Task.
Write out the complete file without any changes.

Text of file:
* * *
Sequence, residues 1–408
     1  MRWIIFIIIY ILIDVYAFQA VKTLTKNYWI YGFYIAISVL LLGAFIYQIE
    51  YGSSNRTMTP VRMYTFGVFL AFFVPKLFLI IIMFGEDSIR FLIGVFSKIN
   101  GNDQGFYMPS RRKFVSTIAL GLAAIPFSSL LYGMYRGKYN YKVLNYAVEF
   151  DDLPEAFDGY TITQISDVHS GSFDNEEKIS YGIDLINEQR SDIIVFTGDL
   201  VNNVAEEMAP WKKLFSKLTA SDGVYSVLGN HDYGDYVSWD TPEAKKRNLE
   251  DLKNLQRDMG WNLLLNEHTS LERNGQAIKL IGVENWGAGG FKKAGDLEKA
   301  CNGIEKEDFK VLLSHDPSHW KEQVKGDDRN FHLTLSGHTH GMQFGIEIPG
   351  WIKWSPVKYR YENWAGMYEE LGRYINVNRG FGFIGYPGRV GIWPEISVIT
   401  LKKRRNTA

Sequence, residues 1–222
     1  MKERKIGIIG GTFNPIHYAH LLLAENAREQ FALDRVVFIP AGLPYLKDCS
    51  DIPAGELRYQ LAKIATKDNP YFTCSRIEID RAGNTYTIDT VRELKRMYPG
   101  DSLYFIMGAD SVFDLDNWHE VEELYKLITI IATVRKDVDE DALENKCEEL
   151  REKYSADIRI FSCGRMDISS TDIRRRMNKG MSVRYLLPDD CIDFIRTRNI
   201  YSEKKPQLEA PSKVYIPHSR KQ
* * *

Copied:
Sequence, residues 1–408
     1  MRWIIFIIIY ILIDVYAFQA VKTLTKNYWI YGFYIAISVL LLGAFIYQIE
    51  YGSSNRTMTP VRMYTFGVFL AFFVPKLFLI IIMFGEDSIR FLIGVFSKIN
   101  GNDQGFYMPS RRKFVSTIAL GLAAIPFSSL LYGMYRGKYN YKVLNYAVEF
   151  DDLPEAFDGY TITQISDVHS GSFDNEEKIS YGIDLINEQR SDIIVFTGDL
   201  VNNVAEEMAP WKKLFSKLTA SDGVYSVLGN HDYGDYVSWD TPEAKKRNLE
   251  DLKNLQRDMG WNLLLNEHTS LERNGQAIKL IGVENWGAGG FKKAGDLEKA
   301  CNGIEKEDFK VLLSHDPSHW KEQVKGDDRN FHLTLSGHTH GMQFGIEIPG
   351  WIKWSPVKYR YENWAGMYEE LGRYINVNRG FGFIGYPGRV GIWPEISVIT
   401  LKKRRNTA

Sequence, residues 1–222
     1  MKERKIGIIG GTFNPIHYAH LLLAENAREQ FALDRVVFIP AGLPYLKDCS
    51  DIPAGELRYQ LAKIATKDNP YFTCSRIEID RAGNTYTIDT VRELKRMYPG
   101  DSLYFIMGAD SVFDLDNWHE VEELYKLITI IATVRKDVDE DALENKCEEL
   151  REKYSADIRI FSCGRMDISS TDIRRRMNKG MSVRYLLPDD CIDFIRTRNI
   201  YSEKKPQLEA PSKVYIPHSR KQ